'Anchorman' Producer Reveals Why He's No Longer Friends with Will Ferrell: 'It Ended Not Well'

Will Ferrell and Adam McKay were longtime friends and producing partners behind Anchorman, Step Brothers and more, but they ended their business partnership in 2019

Adam McKay, Will Ferrell
Adam McKay and Will Ferrell in September 2014. Photo: George Pimentel/Getty

Will Ferrell's longtime producing partner Adam McKay is getting candid about what led them to severing ties with their business.

The Don't Look Up director, 53, co-produced such comedies as Step Brothers, Anchorman and more with Ferrell, 54, under the Gary Sanchez Productions banner, but in 2019, they announced that they were parting ways on their business endeavors after 13 years.

They said in a joint statement at the time, "The two of us will always work together creatively and always be friends. And we recognize we are lucky as hell to end this venture as such."

Ferrell recently told The Hollywood Reporter of the decision, "Adam was like, 'I want to do this, and this, and this.' He wanted growth and a sphere of influence, and I was just like, 'I don't know, that sounds like a lot that I have to keep track of.' To me, the potential of seeing a billboard and being like, 'Oh, we're producing that?' I don't know. … At the end of the day, we just have different amounts of bandwidth."

McKay told Vanity Fair, however, that other conflicts led to the end of their partnership.

"I've learned some lessons. It's always hard feelings," said McKay, who won an Oscar in 2016 for Best Adapted Screenplay for The Big Short.

According to Vanity Fair, the pair had talked about disbanding Gary Sanchez Productions prior to the split, but according to McKay, the breaking point came when he decided to recast the role of the Los Angeles Lakers' former team owner Jerry Buss for an upcoming HBO series, hiring their pal and frequent collaborator John C. Reilly instead of Ferrell for the part.

"The truth is, the way the show was always going to be done, it's hyperrealistic. And Ferrell just doesn't look like Jerry Buss, and he's not that vibe of a Jerry Buss. And there were some people involved who were like, 'We love Ferrell, he's a genius, but we can't see him doing it.' It was a bit of a hard discussion," said McKay.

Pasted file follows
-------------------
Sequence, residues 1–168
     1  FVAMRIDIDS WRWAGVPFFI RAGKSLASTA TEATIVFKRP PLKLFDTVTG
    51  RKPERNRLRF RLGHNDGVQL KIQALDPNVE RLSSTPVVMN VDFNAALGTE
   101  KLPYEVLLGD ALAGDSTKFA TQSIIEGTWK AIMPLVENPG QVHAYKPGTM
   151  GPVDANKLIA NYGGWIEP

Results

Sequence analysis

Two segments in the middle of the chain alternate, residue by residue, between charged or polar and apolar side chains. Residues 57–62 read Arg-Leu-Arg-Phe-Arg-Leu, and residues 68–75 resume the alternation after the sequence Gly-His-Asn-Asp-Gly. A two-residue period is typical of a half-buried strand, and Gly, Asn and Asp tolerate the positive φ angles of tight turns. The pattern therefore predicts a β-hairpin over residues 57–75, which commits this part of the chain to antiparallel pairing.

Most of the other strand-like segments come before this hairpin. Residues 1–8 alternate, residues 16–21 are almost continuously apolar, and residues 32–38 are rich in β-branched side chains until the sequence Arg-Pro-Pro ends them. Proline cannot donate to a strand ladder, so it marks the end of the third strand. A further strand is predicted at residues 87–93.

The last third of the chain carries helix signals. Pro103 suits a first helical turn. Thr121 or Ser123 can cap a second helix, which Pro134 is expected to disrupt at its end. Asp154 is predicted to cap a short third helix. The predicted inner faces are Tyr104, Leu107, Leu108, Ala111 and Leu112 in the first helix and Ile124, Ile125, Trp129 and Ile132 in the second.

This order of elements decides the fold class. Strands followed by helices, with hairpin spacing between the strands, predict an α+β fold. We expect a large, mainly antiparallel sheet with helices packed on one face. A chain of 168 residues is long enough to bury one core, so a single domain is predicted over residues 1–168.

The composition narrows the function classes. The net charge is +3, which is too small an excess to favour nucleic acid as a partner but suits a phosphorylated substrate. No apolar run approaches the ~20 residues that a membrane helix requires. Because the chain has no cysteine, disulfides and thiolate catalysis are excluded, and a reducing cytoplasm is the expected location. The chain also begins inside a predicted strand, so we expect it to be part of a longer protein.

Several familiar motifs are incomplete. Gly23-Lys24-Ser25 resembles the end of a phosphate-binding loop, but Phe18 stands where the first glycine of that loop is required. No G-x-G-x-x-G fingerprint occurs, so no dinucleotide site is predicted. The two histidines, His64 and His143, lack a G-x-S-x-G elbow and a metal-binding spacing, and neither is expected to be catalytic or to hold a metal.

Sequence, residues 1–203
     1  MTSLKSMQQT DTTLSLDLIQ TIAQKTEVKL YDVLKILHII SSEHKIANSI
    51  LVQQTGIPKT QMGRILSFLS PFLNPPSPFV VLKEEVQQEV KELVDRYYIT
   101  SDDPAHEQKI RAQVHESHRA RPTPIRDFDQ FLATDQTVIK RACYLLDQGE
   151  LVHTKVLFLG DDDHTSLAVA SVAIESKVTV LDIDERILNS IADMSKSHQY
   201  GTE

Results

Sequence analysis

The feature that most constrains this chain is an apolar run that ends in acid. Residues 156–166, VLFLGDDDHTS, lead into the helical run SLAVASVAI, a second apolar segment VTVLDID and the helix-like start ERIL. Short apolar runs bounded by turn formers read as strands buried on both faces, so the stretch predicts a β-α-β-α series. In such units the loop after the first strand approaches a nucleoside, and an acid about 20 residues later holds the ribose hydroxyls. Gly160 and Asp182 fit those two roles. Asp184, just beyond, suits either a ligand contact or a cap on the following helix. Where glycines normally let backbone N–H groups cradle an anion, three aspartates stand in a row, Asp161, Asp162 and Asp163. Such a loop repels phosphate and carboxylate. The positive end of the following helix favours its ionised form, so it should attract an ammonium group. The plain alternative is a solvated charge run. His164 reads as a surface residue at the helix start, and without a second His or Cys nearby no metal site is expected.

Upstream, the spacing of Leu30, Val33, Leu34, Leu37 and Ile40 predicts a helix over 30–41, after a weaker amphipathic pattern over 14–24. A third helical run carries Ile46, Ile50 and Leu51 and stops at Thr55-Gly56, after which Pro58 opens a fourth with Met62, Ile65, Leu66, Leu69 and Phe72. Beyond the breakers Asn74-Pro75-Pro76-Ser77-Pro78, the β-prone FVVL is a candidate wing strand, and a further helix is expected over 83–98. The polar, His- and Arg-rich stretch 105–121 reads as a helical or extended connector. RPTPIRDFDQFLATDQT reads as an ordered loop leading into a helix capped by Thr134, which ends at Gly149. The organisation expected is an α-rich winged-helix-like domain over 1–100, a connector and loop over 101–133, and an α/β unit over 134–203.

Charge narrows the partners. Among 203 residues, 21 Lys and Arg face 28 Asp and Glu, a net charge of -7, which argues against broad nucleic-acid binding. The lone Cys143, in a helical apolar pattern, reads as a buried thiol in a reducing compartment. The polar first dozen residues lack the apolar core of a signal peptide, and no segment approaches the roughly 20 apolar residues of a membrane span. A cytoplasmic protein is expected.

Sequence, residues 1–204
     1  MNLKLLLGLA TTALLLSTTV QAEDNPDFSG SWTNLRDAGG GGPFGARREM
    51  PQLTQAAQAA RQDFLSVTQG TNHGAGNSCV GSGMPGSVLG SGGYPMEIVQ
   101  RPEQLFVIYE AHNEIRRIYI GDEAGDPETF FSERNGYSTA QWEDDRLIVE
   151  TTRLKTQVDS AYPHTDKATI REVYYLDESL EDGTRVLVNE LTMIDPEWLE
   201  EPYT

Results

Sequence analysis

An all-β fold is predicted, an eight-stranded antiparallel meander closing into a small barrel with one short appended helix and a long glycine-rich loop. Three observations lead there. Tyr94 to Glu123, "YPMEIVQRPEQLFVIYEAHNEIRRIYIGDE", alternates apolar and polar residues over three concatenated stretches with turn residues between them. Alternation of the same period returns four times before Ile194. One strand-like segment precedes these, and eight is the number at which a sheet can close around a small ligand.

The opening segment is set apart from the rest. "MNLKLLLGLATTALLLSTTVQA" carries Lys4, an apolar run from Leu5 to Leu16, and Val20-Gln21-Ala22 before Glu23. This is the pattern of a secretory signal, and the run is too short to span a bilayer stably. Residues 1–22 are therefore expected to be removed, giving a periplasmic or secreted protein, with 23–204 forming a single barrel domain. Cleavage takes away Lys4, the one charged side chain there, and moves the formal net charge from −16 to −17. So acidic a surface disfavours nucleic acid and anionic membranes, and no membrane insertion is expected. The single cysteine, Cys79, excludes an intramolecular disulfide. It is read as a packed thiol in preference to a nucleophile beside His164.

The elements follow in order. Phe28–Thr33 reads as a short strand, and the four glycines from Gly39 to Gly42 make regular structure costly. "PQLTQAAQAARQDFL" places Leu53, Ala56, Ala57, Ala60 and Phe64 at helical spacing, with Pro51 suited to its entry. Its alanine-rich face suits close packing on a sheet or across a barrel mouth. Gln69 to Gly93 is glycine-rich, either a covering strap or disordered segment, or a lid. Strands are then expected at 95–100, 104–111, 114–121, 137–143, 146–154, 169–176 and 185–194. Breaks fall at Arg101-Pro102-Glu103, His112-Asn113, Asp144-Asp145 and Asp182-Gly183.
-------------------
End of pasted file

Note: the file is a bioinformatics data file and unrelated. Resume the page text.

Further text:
He added, "Didn't want to hurt his feelings. Wanted to be respectful. ... I should have called [Ferrell] and I didn't. And Reilly did, of course, because Reilly, he's a stand-up guy."

Will Ferrell
Dominik Bindl/WireImage

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McKay claimed that he hasn't spoken with Ferrell since the phone call when they decided to go separate ways. He said he has tried to email Ferrell since then but to no reply.

"I said, 'Well, I mean, we're splitting up the company,' and he basically was like, 'Yeah we are,' and basically was like, 'Have a good life.' And I'm like, 'F---, Ferrell's never going to talk to me again.' So it ended not well," recalled McKay.

"I f----- up on how I handled that," he admitted. "... I should have just done everything by the book. In my head, I was like, 'We'll let all this blow over. Six months to a year, we'll sit down, we'll laugh about it and go, 'It's all business junk, who gives a s---? We worked together for 25 years. Are we really going to let this go away?' "

But, McKay said Ferrell "took it as a way deeper hurt than I ever imagined ... I tried to reach out to him, and I reminded him of some slights that were thrown my way that were never apologized for."

Ferrell currently stars in Apple TV+'s The Shrink Next Door series alongside Paul Rudd. McKay directed the upcoming Netflix film Don't Look Up and he's an executive producer on HBO's Succession.

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